Françoise Binsfeld: It was set up by a couple of Luxembourg parents who adopted a child from a home in Mumbai, “Daughters of the Cross”, 50 years ago. In the beginning, the support was dedicated to that one home. Slowly, financial support was extended to other areas and over the years it grew.
We started projects in Nepal in 1997. We counted around 650 projects we financed over 50 years.
What has changed in the charity sector in the last 50 years?
Now it’s getting more and more professional. We’ve a framework agreement with the ministry which is financing 80% of the projects. Also the reporting is increasing and we’re focusing more on impact outcomes. That can be challenging because we’re not just financing bricks. After the earthquake in Nepal we’re rebuilding a village of 54 private homes. But we’re also investing into people, and changing mindsets takes time and then building things up.
Françoise Binsfeld, pictured, joined the NGO as a volunteer in 2006. Photo: Maison Moderne
What developments are planned for the coming years?
The financial model will change for us after 2020. Recently, the government decide it wants to support more the least developed countries. Nepal is included, but not India. Financing will go down to 60%, unless we do advocacy projects. We’ve some projects like child marriage, which we’ve decided to go into Nepal with.
At the start of 2017 the charity changed its name to include Nepal. Why now?
We’ve been working there for 20 years but it wasn’t obvious. After the earthquakes, people said they didn’t know we were working in Nepal. After 50 years, we thought it was the opportunity to change the name. Our focus is still on children but with more integrated projects, so helping their mothers, women in the village and including education and health.
What are the main barriers you face in doing the work you do?
Emergency situations are a challenge for our partners in the field. Our reconstruction of houses in Nepal was delayed by one year. We were struggling with administrative issues and only started building in January this year.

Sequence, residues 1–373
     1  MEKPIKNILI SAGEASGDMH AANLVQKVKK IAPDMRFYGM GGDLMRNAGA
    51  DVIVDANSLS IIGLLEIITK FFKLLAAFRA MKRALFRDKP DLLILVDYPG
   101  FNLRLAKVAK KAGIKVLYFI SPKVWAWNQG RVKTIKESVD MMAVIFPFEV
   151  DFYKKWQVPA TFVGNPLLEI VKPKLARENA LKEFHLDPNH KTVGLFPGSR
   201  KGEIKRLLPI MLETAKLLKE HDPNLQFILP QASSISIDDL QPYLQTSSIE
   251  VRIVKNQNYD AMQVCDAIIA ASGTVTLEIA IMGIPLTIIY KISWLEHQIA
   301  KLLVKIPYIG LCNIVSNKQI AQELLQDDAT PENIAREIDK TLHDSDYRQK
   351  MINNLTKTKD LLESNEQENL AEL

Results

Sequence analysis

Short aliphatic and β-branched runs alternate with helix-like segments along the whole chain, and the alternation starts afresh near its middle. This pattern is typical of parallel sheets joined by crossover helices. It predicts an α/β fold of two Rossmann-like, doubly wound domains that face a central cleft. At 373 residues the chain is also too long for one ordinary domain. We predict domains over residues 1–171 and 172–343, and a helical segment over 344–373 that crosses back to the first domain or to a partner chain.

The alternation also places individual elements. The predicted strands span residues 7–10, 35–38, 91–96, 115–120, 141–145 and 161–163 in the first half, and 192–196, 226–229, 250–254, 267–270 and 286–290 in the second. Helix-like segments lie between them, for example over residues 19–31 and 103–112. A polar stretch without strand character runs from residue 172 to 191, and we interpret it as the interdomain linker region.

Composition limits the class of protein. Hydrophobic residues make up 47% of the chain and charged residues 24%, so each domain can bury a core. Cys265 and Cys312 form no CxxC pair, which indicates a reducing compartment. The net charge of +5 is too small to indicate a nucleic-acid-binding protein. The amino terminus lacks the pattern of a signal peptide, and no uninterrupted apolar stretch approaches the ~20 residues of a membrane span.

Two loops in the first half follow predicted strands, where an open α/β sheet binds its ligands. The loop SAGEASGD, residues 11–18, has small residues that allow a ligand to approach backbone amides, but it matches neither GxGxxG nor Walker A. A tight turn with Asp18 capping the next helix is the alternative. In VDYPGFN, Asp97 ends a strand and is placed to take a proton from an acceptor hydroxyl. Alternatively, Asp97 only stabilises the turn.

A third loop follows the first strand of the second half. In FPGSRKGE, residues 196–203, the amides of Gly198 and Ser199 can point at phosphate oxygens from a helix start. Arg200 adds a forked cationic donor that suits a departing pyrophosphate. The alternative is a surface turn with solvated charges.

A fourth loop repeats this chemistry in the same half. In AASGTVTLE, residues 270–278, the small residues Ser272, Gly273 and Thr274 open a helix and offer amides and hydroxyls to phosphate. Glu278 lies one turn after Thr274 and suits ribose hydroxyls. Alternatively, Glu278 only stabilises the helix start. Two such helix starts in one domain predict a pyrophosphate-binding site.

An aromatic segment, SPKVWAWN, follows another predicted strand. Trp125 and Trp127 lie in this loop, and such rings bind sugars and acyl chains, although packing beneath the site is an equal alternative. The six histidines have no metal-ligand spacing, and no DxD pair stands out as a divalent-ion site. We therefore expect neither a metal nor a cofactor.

Now, after 20 years, they will have their first elections. This will also have an impact on the projects because budgets will shift more to a local level. It’s a challenge for Nepal but it brings hope as well.
Visit of earthquake affected houses in Kavrepalanchowk district, Nepal. Photo: AEIN.
What keeps you coming back?
I keep doing it because we see our work has an impact and it’s important that people get help and support. The people we work with are very resistant to the difficulties. They have a smile on their faces and they want to continue and we need to support them.
The task is huge. Standing in a village where we are rebuilding 54 houses, you see there is so much to do and the monsoon comes in June. But the partners are motivated so we are motivated. It has to continue.
Disaster struck last year at your annual bazaar when the proceeds were stolen. What was the outcome of that?
That money was dedicated to reconstruction in Nepal. We filed a case with the police but they couldn’t find the culprit. Even a lawyer offered to represent us for free in court. We didn’t know how much had been raised because we hadn’t yet counted it.
In the end people donated money themselves and raised more or less the same figure we normally raise. This year we will take even more precautions. We have asked people to pay for their lunches in advance via bank transfer so we don’t carry so much cash.
Catch the celebrations this year
Support AEIN and find out more about their activities by attending their Indian and Nepalese culture celebration at the Tramsschapp in Limpertsberg on 13 May, starting 10:30am. Click here to find out more.
Activities include live dance performances, henna tattoo workshop, tribal art for children, photo booth with traditional Indian costumes, introduction to yoga and several stands selling hand-made items, Indian and Nepalese cuisine, not to mention the silent art sale.
AEIN, which is co-financed by the development ministry, employs three, full-time staff members. It currently funds 24 projects, of which 14 are India and 10 in Nepal and works with more than 50 project partners.